The Need for a Special Study
Kids-DOTT is a research study focused on determining the optimal blood thinner treatment for children that develop blood clots in their veins, a condition called "venous thrombosis." Although venous thrombosis has been recognized recently as an important health concern for children, most treatment information for blood clotting disorders is based on studies conducted on adults. However, diagnosing and treating children with venous thrombosis is very different from adult patients. This is because children’s bodies act very differently from adults’ bodies, even with similar clotting disorders. For this reason, it is very important to study venous thrombosis in children to specially cater blood thinning treatments to children.
Kids-DOTT is a collaborative study conducted at many specialized pediatric care centers across the U.S. by physician-investigators specializing in pediatric clotting disorders. The Kids-DOTT trial is the first multi-center trial to evaluate the duration of therapy for venous thrombosis in children. In the Kids-DOTT trial, children who have recently been diagnosed with acute venous thrombosis, and who are considered to be at relatively low risk for long-term complications, will be eligible to participate. Pre-screening for participants takes into consideration both features of the patient’s medical history and laboratory test results.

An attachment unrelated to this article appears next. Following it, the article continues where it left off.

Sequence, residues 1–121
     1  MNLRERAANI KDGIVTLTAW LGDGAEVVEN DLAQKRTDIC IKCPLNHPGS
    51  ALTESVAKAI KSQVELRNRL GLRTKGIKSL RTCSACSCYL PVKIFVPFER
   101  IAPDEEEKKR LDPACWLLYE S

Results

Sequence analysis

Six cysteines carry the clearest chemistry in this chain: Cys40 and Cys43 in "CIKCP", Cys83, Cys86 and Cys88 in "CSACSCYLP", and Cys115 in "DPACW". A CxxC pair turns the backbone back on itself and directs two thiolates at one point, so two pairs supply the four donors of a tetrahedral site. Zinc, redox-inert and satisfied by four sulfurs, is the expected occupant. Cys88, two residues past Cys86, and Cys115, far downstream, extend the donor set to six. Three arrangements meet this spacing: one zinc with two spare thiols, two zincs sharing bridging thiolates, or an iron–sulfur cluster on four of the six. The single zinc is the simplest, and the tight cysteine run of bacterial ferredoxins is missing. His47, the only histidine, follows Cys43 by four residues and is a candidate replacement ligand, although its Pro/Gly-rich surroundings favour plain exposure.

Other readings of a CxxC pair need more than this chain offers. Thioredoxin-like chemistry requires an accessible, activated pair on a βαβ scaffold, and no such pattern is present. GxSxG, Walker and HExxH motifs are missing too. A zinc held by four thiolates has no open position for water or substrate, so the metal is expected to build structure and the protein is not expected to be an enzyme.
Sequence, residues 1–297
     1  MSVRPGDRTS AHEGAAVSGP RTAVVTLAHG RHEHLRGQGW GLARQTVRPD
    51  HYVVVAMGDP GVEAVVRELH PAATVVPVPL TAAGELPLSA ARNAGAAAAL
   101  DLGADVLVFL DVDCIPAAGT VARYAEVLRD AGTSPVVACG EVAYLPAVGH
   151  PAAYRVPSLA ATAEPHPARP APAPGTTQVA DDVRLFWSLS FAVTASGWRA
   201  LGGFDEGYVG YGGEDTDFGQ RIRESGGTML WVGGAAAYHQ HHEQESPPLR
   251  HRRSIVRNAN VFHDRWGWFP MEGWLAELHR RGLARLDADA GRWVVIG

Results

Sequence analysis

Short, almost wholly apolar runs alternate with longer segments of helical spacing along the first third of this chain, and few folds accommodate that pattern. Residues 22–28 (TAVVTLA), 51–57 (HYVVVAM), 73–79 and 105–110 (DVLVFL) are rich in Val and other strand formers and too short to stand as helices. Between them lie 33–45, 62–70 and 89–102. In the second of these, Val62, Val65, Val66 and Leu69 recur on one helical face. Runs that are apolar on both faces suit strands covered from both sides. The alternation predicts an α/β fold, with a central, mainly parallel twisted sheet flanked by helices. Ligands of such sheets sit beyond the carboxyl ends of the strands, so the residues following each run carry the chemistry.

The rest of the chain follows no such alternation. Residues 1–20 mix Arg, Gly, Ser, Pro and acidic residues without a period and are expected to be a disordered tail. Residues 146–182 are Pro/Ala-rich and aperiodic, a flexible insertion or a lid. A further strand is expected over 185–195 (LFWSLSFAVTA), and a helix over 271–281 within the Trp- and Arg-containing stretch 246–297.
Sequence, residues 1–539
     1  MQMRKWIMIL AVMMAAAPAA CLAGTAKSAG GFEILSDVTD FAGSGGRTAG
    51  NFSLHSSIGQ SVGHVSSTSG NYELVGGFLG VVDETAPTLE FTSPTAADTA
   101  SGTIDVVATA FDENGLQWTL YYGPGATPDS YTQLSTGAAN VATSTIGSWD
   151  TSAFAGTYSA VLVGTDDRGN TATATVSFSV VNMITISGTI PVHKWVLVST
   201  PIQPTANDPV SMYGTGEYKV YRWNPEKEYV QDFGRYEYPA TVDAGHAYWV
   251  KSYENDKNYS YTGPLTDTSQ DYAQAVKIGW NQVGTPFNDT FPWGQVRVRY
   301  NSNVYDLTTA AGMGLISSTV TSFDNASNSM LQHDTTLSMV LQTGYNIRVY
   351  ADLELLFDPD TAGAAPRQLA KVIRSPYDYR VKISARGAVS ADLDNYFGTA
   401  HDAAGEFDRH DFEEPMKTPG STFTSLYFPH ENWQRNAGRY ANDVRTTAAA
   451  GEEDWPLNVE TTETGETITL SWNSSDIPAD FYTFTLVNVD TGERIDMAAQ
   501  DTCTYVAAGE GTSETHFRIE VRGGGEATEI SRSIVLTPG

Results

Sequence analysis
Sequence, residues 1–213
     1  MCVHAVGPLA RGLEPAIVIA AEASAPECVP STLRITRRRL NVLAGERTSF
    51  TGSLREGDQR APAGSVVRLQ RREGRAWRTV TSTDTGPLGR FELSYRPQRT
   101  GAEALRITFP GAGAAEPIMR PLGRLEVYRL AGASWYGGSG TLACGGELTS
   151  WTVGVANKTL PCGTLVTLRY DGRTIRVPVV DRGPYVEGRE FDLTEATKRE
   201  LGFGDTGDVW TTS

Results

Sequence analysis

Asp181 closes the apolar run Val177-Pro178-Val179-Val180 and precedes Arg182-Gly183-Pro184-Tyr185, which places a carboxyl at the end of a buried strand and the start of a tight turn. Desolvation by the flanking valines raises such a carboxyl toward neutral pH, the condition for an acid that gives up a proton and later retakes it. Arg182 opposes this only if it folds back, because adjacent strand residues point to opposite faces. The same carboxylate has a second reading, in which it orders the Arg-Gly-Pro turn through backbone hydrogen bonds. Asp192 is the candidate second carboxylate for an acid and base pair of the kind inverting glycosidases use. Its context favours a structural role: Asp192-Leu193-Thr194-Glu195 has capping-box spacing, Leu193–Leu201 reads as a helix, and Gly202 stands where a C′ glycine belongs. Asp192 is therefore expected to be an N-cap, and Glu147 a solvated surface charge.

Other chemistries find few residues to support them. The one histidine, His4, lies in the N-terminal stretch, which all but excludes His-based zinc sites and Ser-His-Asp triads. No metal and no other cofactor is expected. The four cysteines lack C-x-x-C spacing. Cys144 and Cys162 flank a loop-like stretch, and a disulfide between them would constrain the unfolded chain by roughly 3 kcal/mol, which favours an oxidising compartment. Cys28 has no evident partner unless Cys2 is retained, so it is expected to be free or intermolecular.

All patients participating in the study will be treated with standard blood thinner therapy for six weeks after a clot. After six weeks, patients will be randomly selected to either stop blood thinner therapy or continue for the remainder of the conventional treatment time, for a total of 3 months. All children will be followed at standard intervals for a total of 5 years in order to evaluate the long-term outcome of their thrombosis.
A "one size fits all" approach to treating venous thrombosis in children and adults does not seem to make sense, but due to limited medical research it has become the standard. Because most children are highly active, especially when compared to adults, and blood thinner treatment increases the risk for bleeding, children are often treated for 3 months. If the shortened treatment length is found to be just as effective as the conventional duration of blood thinner therapy, treatment would be more convenient and potentially safer for children with venous thrombosis who have similar features to those studied in the Kids-DOTT trial.